SOLD A Good Third Reich Mid War Period SA Sturmabteilung Dagger by Arthur Schuttelhofer & Co
This SA Dagger – RZM M7/13 by Arthur Schuttelhofer & Co who apparently only made 8000 daggers before and during the war. The blade and overall dagger is very nice! The dark and crisp acid etched “Alles für Deutschland” motto and RZM M7/13 by Arthur Schuttelhofer & Co maker mark are both beautifully executed. It has just a couple of small nicks along the blade and light runners marks, mostly from sliding back and fourth into the scabbard. The grip on this dagger is great, with a nice even finish and nice colour. There are a couple of extremely minor handling marks to the wood, but no cracks or chips. the grip fit is very nice and does not have any typical age shrinkage of the wood. The SA enamel emblem and grip eagle show very little wear and are in pristine condition. The plated crossguard has normal wear. This SA Dagger – RZM M7/13 is complete with its scabbard. This SA Dagger – RZM M7/13 by Arthur Schuttelhofer & Co is very attractive and seem to be very difficult to find as attractive as this these days. In September 1930, as a consequence of the Stennes Revolt in Berlin, Hitler assumed supreme command of the SA as its new Oberster SA-Führer. He sent a personal request to Röhm, asking him to return to serve as the SA's chief of staff. Röhm accepted this offer and began his new assignment on January 5, 1931. He brought radical new ideas to the SA and appointed several close friends to its senior leadership. Previously, the SA formations were subordinate to the Nazi Party leadership of each Gau.
Röhm established new Gruppen that had no regional Nazi Party oversight. Each Gruppe extended over several regions and was commanded by a SA Gruppenführer who answered only to Röhm or Hitler. Under Röhm as its popular leader and Stabschef (Staff Chief), the SA grew in importance within the Nazi power structure and expanded to have thousands of members. In the early 1930s, the Nazis expanded from an extremist fringe group to the largest political party in Germany, and the SA expanded with it. By January 1932, the SA numbered approximately 400,000 men.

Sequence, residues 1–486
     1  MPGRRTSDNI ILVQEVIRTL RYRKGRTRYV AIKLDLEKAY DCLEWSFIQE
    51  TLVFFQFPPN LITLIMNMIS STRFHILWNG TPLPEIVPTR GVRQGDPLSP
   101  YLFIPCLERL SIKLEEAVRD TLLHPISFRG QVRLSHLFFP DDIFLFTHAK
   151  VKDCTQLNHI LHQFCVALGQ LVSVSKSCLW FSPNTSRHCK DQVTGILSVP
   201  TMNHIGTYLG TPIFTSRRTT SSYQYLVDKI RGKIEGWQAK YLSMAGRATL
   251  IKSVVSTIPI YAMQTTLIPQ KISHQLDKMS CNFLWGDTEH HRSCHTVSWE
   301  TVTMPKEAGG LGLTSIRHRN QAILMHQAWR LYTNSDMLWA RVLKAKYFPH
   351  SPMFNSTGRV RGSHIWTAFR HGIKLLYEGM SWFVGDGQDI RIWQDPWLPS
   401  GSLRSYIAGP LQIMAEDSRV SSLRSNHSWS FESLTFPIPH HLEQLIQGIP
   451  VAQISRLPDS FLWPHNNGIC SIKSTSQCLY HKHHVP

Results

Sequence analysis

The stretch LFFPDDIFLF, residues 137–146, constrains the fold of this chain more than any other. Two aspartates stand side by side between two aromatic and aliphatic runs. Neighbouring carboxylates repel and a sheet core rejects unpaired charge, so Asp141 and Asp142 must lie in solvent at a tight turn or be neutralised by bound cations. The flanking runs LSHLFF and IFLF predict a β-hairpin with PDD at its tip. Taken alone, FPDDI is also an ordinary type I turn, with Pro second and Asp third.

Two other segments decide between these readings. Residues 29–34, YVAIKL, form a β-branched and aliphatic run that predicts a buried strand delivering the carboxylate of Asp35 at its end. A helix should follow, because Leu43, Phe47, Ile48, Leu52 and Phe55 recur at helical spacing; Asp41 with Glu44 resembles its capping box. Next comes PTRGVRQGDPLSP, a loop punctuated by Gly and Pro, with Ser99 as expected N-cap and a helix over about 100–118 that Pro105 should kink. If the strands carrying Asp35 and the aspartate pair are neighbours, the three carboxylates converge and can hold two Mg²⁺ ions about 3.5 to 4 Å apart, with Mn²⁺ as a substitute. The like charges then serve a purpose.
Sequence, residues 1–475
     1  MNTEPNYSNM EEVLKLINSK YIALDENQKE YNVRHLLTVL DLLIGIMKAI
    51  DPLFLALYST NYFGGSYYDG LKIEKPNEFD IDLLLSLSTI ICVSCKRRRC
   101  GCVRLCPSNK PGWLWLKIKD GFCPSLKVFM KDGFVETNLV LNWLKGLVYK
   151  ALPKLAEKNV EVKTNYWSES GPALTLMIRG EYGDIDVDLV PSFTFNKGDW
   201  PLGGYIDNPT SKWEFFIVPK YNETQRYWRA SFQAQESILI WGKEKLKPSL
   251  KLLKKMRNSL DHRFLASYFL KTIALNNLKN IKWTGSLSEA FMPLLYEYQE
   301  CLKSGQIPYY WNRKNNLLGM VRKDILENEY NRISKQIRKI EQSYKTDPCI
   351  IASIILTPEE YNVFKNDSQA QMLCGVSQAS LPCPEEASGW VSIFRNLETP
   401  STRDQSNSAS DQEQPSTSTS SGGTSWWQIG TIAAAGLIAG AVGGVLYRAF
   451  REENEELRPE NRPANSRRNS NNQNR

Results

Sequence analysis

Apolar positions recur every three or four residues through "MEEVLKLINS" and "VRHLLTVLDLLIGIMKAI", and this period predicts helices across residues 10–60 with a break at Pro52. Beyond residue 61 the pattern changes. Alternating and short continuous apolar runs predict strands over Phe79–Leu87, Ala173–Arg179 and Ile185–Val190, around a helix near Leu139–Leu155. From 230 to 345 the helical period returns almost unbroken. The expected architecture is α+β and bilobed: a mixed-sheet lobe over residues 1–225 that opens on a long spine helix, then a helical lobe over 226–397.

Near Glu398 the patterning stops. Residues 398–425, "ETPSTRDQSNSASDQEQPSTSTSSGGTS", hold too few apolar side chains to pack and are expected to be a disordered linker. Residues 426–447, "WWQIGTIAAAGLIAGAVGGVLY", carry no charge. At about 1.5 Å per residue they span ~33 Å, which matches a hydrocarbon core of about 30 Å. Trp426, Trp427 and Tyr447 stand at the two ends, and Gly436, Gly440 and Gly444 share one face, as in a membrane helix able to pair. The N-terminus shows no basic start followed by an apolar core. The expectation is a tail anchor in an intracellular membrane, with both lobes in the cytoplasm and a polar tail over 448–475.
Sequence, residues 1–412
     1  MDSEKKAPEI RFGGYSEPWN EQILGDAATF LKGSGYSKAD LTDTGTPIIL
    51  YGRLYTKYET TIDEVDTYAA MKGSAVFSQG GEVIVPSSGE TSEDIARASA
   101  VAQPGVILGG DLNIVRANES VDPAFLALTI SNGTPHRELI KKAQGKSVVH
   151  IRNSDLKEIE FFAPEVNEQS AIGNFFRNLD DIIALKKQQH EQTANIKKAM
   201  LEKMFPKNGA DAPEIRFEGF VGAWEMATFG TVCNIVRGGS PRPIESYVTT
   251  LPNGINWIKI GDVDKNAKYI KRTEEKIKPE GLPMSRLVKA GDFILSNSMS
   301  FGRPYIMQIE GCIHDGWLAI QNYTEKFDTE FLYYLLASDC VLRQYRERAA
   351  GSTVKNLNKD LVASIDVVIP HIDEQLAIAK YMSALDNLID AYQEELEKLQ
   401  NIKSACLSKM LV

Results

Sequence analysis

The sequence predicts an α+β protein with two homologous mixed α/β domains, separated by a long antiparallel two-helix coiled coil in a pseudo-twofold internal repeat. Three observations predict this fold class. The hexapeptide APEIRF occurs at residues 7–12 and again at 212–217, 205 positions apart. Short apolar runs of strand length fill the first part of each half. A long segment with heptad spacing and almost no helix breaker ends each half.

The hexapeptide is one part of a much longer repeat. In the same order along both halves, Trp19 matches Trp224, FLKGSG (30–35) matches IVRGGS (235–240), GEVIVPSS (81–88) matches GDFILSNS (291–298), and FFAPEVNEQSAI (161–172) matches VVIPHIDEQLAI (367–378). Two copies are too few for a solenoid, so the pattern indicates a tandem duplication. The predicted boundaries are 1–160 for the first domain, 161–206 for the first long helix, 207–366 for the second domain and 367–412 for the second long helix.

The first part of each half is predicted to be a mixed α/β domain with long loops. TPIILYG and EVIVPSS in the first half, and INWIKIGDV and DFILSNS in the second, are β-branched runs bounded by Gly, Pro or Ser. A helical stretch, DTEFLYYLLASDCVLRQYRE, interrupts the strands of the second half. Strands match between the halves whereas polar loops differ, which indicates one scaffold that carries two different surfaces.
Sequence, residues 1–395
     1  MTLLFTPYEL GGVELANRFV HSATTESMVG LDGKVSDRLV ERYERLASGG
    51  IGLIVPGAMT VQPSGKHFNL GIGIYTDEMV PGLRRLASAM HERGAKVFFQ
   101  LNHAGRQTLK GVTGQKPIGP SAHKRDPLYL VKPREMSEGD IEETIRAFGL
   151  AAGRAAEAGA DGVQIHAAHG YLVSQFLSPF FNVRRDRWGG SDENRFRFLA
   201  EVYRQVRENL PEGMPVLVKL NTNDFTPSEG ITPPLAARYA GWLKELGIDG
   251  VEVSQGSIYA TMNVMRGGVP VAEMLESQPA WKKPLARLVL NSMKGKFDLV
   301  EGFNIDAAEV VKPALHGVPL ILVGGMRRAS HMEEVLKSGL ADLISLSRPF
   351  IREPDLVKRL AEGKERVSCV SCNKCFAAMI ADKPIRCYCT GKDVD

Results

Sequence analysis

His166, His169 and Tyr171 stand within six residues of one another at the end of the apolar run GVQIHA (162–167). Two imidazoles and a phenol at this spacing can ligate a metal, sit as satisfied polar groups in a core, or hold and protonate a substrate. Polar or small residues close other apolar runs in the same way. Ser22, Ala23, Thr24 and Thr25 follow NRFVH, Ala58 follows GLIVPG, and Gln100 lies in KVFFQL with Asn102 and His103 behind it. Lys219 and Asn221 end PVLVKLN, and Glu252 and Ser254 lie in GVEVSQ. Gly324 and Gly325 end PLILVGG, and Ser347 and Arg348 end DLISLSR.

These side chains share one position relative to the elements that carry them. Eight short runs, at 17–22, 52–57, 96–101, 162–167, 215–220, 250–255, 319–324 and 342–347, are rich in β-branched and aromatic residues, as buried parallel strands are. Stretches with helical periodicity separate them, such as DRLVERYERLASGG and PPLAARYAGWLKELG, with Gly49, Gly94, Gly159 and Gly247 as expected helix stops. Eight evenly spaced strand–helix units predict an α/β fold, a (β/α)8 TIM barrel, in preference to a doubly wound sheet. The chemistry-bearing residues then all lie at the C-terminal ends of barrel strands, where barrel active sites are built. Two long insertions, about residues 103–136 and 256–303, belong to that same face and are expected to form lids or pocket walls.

Many of these stormtroopers believed in the socialist promise of National Socialism. They expected the Nazi regime to take more radical economic action, such as breaking up the vast landed estates of the aristocracy, once they obtained national power. By the time Hitler assumed power in January 1933, Hitler was also concerned that Röhm and the SA had the power to remove him as leader. Göring and Himmler played on this fear by constantly feeding Hitler with new information on Röhm's proposed coup. A masterstroke was to claim that Gregor Strasser, whom Hitler hated, was part of the planned conspiracy against him. With this news, Hitler ordered all the SA leaders to attend a meeting in the Hanselbauer Hotel in Bad Wiessee.
On June 30, 1934, Hitler, accompanied by SS units, arrived at Bad Wiessee, where he personally placed Röhm and other high-ranking SA leaders under arrest. Over the next 48 hours, 200 other senior SA officers were arrested on the way to Wiessee. Many were shot and killed as soon as they were captured, but Hitler decided to pardon Röhm because of his past services to the movement. On July 1, after much pressure from Göring and Himmler, Hitler agreed that Röhm should die. Hitler insisted that Röhm should first be allowed to commit suicide. When Röhm refused to do so, he was shot by two SS officers, Theodor Eicke and Michael Lippert. Though the names of 85 victims are known, estimates place the total number killed at between 150 and 200 men, the rest of whom remain unidentified.
Some Germans were shocked by the executions, but many others perceived Hitler to have restored "order" to the country. Goebbels's propaganda highlighted the "Röhm-Putsch" in the days that followed. The homosexuality of Röhm and other SA leaders was made public to add "shock value", although Hitler and other Nazi leaders had known for years about the sexuality of Röhm and other named SA leaders